Tuesday, August 12, 2014

The Vienna conference: Philipp A. Maas on "Postures in the Pātañjala Yogaśāstra"

At last resuming the report on what retained our attention during the Vienna conference (September 2013) on the history of yoga, we summarize Philipp Maas's findings.

Already since his master’s thesis, Maas has been focusing on the Samādhi Pāda of the Pātañjala Yogaśāstra. He reexamined the authorship question, confirming the impression of Johannes Bronkhorst (1985) that the Pātañjala Yogaśāstra, dated to the 4th century CE, is composed of two layers of text. The oldest is the Sūtra or aphorisms part, itself composed of older materials. The second is the Bhāṣya or commentary, by the same author.
The earliest religions, as Maas understands it, are two. The first is the Vedic religion, in which the world and the achievement of desires are manipulated by Brahmin priests. Within this tradition, new techniques were developed including asceticism and abstention. The second are the ascetic reform religions, centred on the notions of karma and rebirth. In successive births, fate is determined by past lives and possible to overcome. Suffering can be overcome. Against them, Brahmin dominance was restored because foreign kings allied themselves with Brahmins to gain legitimacy. Under the Gupta dynasty, a new synthesis was established, known as Hinduism, as a response to the reform religions. One approach is in the Yogaśāstra: adopt concepts from the reform religions. The world is made up of many puruśas and one prakṛti. Consciousness without objects is not normally possible; the trick called yoga is to achieve this: consciousness resting in itself. After liberation, there is isolation of the puruśa.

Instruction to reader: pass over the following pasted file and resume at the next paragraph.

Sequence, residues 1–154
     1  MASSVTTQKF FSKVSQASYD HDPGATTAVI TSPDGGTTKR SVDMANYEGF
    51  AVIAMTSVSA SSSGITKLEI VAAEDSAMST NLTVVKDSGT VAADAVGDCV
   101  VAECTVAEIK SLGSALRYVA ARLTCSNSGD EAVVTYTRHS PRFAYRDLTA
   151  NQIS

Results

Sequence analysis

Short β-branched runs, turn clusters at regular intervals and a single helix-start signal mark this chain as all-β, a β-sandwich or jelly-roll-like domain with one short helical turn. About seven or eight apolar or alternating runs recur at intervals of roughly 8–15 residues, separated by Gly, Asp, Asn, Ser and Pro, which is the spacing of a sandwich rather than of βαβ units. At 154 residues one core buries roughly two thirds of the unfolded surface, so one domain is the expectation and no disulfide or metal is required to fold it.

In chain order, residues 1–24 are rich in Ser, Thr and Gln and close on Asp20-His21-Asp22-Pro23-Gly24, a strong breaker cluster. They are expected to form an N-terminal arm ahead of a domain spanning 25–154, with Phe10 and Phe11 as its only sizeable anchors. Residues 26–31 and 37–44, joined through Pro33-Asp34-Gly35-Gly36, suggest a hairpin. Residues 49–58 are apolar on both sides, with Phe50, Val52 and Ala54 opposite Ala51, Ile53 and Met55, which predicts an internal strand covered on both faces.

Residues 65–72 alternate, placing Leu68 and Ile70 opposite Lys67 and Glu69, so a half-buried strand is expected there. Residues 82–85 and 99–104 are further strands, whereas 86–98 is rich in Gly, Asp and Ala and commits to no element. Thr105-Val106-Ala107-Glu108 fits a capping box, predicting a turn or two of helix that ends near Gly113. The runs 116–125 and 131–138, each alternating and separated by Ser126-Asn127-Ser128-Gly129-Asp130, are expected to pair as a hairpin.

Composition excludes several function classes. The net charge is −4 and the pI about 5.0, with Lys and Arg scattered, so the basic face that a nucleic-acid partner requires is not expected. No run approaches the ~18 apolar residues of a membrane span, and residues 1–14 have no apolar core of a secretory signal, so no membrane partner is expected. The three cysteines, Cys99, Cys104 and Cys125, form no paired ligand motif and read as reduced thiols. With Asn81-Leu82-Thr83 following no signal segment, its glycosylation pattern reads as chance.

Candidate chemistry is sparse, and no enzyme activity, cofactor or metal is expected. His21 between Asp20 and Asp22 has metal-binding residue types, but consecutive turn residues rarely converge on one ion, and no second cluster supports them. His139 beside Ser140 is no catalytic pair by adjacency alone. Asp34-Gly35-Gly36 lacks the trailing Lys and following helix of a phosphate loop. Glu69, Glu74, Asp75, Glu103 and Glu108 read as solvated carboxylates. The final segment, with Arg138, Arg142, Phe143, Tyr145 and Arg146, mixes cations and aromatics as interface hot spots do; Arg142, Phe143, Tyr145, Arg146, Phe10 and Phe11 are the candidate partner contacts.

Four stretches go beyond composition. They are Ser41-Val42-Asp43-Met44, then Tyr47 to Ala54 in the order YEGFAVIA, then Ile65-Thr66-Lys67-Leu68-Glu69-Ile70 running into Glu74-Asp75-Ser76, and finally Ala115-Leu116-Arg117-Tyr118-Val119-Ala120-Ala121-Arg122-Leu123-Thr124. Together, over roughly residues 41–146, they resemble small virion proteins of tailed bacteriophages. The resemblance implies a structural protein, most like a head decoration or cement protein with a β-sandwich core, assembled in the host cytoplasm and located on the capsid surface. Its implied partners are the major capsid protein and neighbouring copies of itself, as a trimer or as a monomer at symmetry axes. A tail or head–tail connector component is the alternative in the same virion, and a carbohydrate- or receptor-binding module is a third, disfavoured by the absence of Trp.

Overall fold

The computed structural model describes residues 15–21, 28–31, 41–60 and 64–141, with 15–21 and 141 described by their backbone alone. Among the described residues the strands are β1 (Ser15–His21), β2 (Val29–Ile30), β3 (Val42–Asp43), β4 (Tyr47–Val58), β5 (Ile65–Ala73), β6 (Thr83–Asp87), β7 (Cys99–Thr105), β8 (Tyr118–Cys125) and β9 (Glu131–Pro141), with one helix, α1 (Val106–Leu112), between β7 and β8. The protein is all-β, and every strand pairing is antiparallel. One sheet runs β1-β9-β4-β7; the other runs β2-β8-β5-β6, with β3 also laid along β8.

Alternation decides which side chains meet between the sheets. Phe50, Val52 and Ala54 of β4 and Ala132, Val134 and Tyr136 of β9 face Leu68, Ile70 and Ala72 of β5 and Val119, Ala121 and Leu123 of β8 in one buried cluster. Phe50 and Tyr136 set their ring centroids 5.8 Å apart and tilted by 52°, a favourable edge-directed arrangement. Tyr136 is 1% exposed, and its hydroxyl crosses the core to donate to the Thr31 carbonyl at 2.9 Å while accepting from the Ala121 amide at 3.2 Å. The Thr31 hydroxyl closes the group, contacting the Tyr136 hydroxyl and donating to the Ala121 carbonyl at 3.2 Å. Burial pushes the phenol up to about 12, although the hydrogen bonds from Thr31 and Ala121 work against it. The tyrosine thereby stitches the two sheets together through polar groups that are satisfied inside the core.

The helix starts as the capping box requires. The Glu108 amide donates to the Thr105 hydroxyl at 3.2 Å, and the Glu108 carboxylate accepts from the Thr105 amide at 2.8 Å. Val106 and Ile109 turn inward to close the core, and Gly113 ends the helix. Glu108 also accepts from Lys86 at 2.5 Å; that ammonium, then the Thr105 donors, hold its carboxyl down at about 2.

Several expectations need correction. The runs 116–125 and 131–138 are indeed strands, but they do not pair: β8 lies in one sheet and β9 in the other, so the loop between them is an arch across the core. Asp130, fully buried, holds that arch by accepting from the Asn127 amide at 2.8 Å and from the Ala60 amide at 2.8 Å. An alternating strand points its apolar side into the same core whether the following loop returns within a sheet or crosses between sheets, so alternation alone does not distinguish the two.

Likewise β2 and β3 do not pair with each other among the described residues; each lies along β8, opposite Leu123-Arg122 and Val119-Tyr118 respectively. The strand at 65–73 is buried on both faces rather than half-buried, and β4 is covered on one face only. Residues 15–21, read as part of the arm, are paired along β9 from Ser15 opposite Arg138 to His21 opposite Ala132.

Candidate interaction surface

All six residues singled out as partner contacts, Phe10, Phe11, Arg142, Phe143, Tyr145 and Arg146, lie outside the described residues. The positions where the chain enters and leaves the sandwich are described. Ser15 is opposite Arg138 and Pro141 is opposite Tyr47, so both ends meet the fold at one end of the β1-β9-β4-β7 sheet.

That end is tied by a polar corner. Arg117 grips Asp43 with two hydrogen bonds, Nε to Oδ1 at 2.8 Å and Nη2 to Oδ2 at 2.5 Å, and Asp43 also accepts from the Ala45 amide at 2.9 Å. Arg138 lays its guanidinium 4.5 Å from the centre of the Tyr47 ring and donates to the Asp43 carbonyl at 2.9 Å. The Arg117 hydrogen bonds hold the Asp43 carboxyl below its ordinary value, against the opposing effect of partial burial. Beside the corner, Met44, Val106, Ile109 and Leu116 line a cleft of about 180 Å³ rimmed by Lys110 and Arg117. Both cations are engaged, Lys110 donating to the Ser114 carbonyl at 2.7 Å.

Verse 2:46-48 deals with Āsana, containing the famous saying: sthiraṁ-sukham-āsanam, “the posture is stable and pleasant”. Among the oldest references to posture is this text passage. After the āsanam definition, Patañjali adds one more sentence: “It arises by means of relaxation of effort or by meditating on infinity.”

This might be a compound adjective instead of a juxtaposition of equal adjectives (dvandva): sthiramsukham. Vācaspati Miśrā interprets it as “steadily comfortable”. This is more correct than modern commentators. Vijnānabhikṣu, on the other hand, renders: “steady and comfortable.” To sum up: sthira adverb and sukha adjective, or both as adjectives. To me this distinction sounds like much ado about nothing, since the effective meaning of the phrase is clear enough.
In manuscripts we find descriptions of the padmāsana, svastikāsana, daṇḍāsana, bhadrāsana, etc., as is comfortable, in constant serenity. As the Patañjali Yoga Sūtra Vivāraṇa says: “In a quiet place, facing east, offer worship and sit comfortably.” Sometimes lying down on a couch and remaining flat may be advised (śavāsana). At any rate, the more recent contortions and inverse positions are absent. The only aim of āsana is to create the best physical conditions for meditation.

1 comment:

nimitta said...

"After liberation, there is isolation of the puruśa."

This is a misunderstanding of kaivalya. Yoga does not achieve the 'apartness' of puruṣa - it reveals it in the moment of nirodha, where citta-vṛtti cease. Puruṣa is already free, but this fact cannot be known (avidya) within conventional patterns of consciousness, which 'attach' (saṃyoga) themselves to knowing via identification.

In other words, yogic liberation is a realization, not a jailbreak.